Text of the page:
Cuxhaven to Get New Shore Power Supply System for RoRos

RoRo vessel transporting wind turbine components from Siemens production facilities; Image Courtesy: Siemens

Siemens has received an order to supply the key components of a Siharbor shore power supply system for roll-on/roll-off (RoRo) ships in Cuxhaven.

As informed, the order includes the complete transformer station as well as the cable feed system.

With a power output of 630 kilowatts (kW), the plant – to be owned by the northern German Gesellschaft für Hafeninfrastruktur Niedersachsen Ports (NPorts) – will supply ships with electricity during their laytime. Ships will thus be able to turn off their diesel generators, significantly lowering exhaust gas and noise pollution, according to Siemens.

The berth is located next to the new factory for wind turbines operated by Siemens Gamesa, which will be the plant’s main user in the future. Siemens Gamesa will ship wind turbine components to its sister factory in Hull, UK. The Siharbor system is expected to go into operation by April 2018.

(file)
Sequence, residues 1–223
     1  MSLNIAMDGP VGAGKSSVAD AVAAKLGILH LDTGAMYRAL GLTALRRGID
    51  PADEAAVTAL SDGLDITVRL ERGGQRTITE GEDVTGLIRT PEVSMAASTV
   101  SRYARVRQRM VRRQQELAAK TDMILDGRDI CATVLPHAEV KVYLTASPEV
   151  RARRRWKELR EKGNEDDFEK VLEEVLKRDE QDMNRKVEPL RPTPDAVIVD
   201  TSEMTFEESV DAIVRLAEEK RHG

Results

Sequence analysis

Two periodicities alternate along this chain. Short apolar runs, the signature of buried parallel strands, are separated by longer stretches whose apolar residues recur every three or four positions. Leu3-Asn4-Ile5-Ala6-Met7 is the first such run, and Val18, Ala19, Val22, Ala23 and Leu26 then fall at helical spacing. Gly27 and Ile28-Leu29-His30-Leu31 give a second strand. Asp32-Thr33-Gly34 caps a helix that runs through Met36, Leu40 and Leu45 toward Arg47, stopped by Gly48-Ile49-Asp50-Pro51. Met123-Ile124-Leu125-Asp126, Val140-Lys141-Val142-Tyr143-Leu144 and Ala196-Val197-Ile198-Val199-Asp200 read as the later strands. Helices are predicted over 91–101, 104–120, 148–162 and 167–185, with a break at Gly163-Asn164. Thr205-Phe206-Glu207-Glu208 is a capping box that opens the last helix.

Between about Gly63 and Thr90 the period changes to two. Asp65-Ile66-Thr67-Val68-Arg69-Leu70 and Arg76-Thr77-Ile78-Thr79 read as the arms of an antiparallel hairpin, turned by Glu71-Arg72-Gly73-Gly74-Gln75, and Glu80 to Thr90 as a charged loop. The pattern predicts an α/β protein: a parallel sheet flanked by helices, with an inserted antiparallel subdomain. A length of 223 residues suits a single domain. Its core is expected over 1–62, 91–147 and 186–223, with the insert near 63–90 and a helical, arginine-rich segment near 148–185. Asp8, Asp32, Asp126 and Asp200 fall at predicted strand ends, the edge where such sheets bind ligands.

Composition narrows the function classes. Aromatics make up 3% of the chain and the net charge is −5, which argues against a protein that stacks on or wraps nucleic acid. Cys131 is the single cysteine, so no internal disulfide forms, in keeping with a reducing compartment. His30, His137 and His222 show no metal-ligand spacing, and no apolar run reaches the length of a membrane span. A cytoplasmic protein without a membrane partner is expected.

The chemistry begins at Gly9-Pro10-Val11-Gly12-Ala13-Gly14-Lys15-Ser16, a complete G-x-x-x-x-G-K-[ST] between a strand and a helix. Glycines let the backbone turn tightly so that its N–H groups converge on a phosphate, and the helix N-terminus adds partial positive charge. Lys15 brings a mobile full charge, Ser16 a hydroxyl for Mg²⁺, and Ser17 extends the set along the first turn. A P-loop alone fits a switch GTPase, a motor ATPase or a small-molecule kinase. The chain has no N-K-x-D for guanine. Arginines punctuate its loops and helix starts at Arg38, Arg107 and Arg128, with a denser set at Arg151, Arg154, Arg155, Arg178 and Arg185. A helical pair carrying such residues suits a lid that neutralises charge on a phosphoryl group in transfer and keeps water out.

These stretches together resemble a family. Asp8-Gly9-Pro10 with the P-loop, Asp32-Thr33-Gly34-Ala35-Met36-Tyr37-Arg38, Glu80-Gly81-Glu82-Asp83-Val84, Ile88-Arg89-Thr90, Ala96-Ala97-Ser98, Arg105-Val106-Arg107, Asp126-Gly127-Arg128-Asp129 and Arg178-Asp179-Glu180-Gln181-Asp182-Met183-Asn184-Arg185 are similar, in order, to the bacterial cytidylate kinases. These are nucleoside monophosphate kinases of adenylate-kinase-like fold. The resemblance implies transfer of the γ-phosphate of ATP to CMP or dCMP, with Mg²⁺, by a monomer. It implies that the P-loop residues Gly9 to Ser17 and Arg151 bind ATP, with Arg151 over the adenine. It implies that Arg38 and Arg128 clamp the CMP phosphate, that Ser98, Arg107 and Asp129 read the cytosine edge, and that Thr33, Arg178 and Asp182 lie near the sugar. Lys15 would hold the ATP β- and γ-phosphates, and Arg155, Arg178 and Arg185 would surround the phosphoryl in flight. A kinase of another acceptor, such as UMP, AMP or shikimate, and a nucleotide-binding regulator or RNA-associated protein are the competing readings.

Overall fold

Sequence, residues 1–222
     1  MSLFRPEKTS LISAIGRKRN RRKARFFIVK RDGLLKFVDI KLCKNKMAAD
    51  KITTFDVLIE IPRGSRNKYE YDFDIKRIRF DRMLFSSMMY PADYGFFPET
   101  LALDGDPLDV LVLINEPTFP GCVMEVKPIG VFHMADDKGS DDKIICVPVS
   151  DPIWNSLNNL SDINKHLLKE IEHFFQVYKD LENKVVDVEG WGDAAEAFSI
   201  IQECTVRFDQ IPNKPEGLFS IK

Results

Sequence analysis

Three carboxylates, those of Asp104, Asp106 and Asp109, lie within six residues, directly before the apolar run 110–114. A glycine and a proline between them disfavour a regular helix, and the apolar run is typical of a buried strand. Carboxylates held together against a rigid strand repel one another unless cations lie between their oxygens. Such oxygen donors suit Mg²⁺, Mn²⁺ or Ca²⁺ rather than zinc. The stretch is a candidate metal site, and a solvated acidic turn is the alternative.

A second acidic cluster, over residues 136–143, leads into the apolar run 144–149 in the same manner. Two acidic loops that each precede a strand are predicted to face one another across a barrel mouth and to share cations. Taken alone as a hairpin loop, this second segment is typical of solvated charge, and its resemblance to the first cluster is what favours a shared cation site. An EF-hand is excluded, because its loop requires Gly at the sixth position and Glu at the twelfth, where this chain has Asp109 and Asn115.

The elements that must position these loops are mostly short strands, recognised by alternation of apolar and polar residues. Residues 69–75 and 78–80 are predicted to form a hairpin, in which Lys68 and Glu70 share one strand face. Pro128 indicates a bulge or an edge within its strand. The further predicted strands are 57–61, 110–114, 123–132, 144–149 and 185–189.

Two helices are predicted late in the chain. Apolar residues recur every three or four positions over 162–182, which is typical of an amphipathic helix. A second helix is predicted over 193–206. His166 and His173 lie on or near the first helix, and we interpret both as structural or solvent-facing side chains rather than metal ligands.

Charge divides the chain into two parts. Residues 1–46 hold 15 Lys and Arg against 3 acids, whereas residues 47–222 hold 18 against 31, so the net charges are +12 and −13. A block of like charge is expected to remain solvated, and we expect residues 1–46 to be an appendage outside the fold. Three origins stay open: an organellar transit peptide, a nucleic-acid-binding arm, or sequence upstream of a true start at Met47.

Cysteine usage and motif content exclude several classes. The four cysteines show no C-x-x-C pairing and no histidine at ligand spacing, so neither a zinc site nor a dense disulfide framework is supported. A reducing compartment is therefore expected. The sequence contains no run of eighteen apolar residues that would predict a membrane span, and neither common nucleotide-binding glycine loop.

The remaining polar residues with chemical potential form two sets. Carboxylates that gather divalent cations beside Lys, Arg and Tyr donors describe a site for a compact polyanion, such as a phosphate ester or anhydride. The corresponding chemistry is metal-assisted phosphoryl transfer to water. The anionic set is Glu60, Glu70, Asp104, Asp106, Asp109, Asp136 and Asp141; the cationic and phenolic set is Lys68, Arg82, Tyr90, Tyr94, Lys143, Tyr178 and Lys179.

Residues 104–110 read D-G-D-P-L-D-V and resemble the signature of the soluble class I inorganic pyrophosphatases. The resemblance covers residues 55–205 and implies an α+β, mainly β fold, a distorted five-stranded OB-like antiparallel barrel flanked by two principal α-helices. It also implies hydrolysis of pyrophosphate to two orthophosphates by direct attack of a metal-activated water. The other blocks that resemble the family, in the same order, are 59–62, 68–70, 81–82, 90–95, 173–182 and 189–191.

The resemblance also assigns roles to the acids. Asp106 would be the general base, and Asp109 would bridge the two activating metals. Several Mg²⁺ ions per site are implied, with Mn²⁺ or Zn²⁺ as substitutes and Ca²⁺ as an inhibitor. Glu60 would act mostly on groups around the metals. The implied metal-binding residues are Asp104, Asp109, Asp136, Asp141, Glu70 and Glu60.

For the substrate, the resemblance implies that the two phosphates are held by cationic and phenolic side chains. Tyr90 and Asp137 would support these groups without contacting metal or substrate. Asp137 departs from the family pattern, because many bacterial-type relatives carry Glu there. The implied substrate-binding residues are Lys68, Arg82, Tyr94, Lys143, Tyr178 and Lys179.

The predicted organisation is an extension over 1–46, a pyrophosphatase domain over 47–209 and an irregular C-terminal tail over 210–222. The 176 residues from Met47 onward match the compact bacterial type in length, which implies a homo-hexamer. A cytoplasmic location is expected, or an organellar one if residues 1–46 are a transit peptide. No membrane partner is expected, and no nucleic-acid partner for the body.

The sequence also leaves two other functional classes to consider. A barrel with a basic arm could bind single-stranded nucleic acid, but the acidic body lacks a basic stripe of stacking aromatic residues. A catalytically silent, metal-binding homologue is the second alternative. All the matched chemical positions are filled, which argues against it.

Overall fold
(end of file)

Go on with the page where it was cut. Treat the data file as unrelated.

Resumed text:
The plant consists of a transformer station and a cable feed system with a mobile transfer device to the ship.

Siemens said it will use a low-voltage converter with a power output of 630 kW for the first time in a shore power connection. The inverter, combined with the control software, adapts the frequency of the local distribution grid to that of the ship electrical system.

The scope of supply also includes two transformers. A converter transformer is used to connect the system to the supply grid. The transformer on board the ship ensures electrical isolation between the ship and shore grids.

The order also includes the installation of an 8DJH medium-voltage switchgear as well as the Sivacon S8 low-voltage main distribution system.

One of the main causes of local air pollution in ports is the combustion of ship fuels for generating electricity during the laytime. The construction of the shore power plant establishes conditions for reducing the emission of air pollutants, such as nitrogen and sulfur oxides and fine dust as well as carbon dioxide. The system will also greatly lower noise emissions, Siemens explained.

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